Besides a huge territory, a large population, and a relatively high share of the GWP, the requirements for the BRIC nations were to fulfill the conditions for growth. These four pillars are first of all macroeconomic stability, which basically includes price stability, a tight monetary policy as well as exchange-rate realignment. Secondly, efficient institutions in terms of legal system, well-functioning markets, health system, financial institutions and the government bureaucracy are presupposed. As a third criterion, the openness to trade and foreign direct investment (FDI) plays an important role. Last but not least, as there are strong correlations between schooling and growth rates of per capita GDP, a proper education system is also essential (Wilson & Purushothaman, 2003).

According to Heese (2009), the Big Four have a key advantage. They are very large in terms of territory, which has allowed them - other than e.g. the Tiger nations (Hong Kong, South Korea, Singapore and Taiwan) - to grow by simply developing the domestic market. Moreover, he claimed that in addition they successfully managed to forward the exportability of their economy. Furthermore, he mentioned their high amount of foreign exchange reserves, their strong positioning as strategic raw material suppliers and potential exporters in global sales markets.

1.4 BRICs or BRICS?

This questionably ongoing trend to analyze macroeconomic key figures of certain countries which hold a lot of promise, take their initial letters and try to coin a good- sounding new acronym does not seem to get out of style. In the recent past, many of them have been created as previously stated. Especially the term BRIC has been altered several times, e.g. BRICET (BRIC + Eastern Europe and Turkey), BRICM (BRICs + Mexico), or BRICK (BRIC + South Korea). Without a doubt, the most frequently used modified version of BRIC is BRICS (BRIC + South Africa) especially because of China’s “proforma invitation” to South Africa to join the political club (Conway-Smith, 2011).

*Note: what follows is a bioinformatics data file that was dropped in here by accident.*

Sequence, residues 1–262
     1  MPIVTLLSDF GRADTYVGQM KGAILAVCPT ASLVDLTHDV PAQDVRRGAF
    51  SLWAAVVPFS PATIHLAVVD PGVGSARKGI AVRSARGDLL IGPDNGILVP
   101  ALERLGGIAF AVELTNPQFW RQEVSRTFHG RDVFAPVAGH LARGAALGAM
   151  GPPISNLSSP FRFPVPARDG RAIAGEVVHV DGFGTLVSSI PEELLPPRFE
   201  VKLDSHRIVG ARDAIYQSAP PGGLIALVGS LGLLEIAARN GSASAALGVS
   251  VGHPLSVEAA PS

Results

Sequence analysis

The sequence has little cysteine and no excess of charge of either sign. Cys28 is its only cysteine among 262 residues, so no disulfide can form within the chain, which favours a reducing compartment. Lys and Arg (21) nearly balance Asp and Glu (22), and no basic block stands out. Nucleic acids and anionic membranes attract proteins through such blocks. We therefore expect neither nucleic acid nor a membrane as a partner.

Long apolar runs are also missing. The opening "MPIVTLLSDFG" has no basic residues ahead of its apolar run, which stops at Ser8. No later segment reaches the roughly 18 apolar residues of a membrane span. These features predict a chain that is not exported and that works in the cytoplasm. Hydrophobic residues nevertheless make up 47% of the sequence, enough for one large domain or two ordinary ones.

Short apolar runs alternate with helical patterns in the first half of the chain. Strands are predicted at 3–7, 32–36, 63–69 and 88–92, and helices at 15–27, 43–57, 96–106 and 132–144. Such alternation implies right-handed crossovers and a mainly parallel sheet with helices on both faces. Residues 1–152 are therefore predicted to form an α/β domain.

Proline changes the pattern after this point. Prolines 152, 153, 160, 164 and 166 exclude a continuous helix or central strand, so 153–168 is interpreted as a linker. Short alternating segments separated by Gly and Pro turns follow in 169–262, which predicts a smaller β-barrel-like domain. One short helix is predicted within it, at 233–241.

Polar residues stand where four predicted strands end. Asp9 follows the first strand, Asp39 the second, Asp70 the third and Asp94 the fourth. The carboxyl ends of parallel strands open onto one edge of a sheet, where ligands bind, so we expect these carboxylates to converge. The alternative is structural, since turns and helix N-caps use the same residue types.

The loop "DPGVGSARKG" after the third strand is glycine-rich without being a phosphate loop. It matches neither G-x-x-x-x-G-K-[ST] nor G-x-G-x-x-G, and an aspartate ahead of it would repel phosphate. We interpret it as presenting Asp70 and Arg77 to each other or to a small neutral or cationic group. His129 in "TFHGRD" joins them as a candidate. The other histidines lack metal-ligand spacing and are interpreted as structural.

Although their inventor, O’Neill (2001) had his reasons to only select these four countries, after almost a decade the Big Four have admitted a new member in South Africa in 2010 and call themselves BRICS since that date. Back then Wilson and Purushothaman (2003) claimed, that despite South Africa being the currently wealthiest nation in Africa, this country is simply too small, not only compared with the four BRIC countries, but also with other emerging markets whose economic analysis, e.g. concerning their GDP would have been much better. They are talking about the above-mentioned “real” emerging countries, which are besides the BRICs Mexico, South Korea, Indonesia and Turkey. However, China, which obviously had shown great interest in further developing political relations with the African continent and definitely sees South Africa, which is by now China’s most valuable trading partner in the Dark Continent, as an ideal springboard to do so (Conway-Smith, 2011).

For South Africa indeed, it has been a great opportunity to formally become a member of the BRIC nations (Laverty, 2011). Laverty claims that South Africa fondly hopes to improve its global trade connections and receive FDI from the BRICs. He furthermore reported that South Africa expects a lot from the defined goal to increase the inter-group trade between the member countries that provides direct access to a huge class of consumers.

1.5 Macroeconomic Environment

In order to recognize and better understand possible links between the Big Four it is important to get a little overview of the most important country facts and macroeconomic indicators. Table 4 provides an overview of these data from 2012 or the latest possible year available.

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Table 4: Factsheet BRICs

(Source: adapted from the database of the World Bank, 2012b)

For this thesis, especially the last three categories of this factsheet are especially interesting. Due to the different classification principles the number of SMEs registered in the BRICs cannot be seen as statistically significant. However, the SME’s contributions to GDP as well as the workforce employed by SMEs definitely have considerable informational value. Whereas the SME’s contribution of all BRIC countries with the exception of China is on a low level, the small number of labor force employed in the Russian’ SME sector is a clear indication of underdevelopment in this field.

2. Small- and Medium-sized Enterprises (SMEs)

As small and medium-sized enterprises make up to 90 percent of all businesses worldwide and employ between 50 and 60 percent of all workforce (Australian Center of Corporate Social Responsibility, 2007; IFC, 2012a), it is an incredibly important assignment to keep improving the structure of these companies. An economy, which shows substantial, diversified, long-term growth is in most of the cases characterized by a strong and growing SME sector (Beck et al., 2005a). The benefits of SMEs for a country are much higher relatively seen than those of MNCs. As reported by the European Commission (2009) between 2002 and 2008, the average annual rate for newly generated jobs accounted for 1.9 percent in SMEs and only 0.8 percent in MNCs.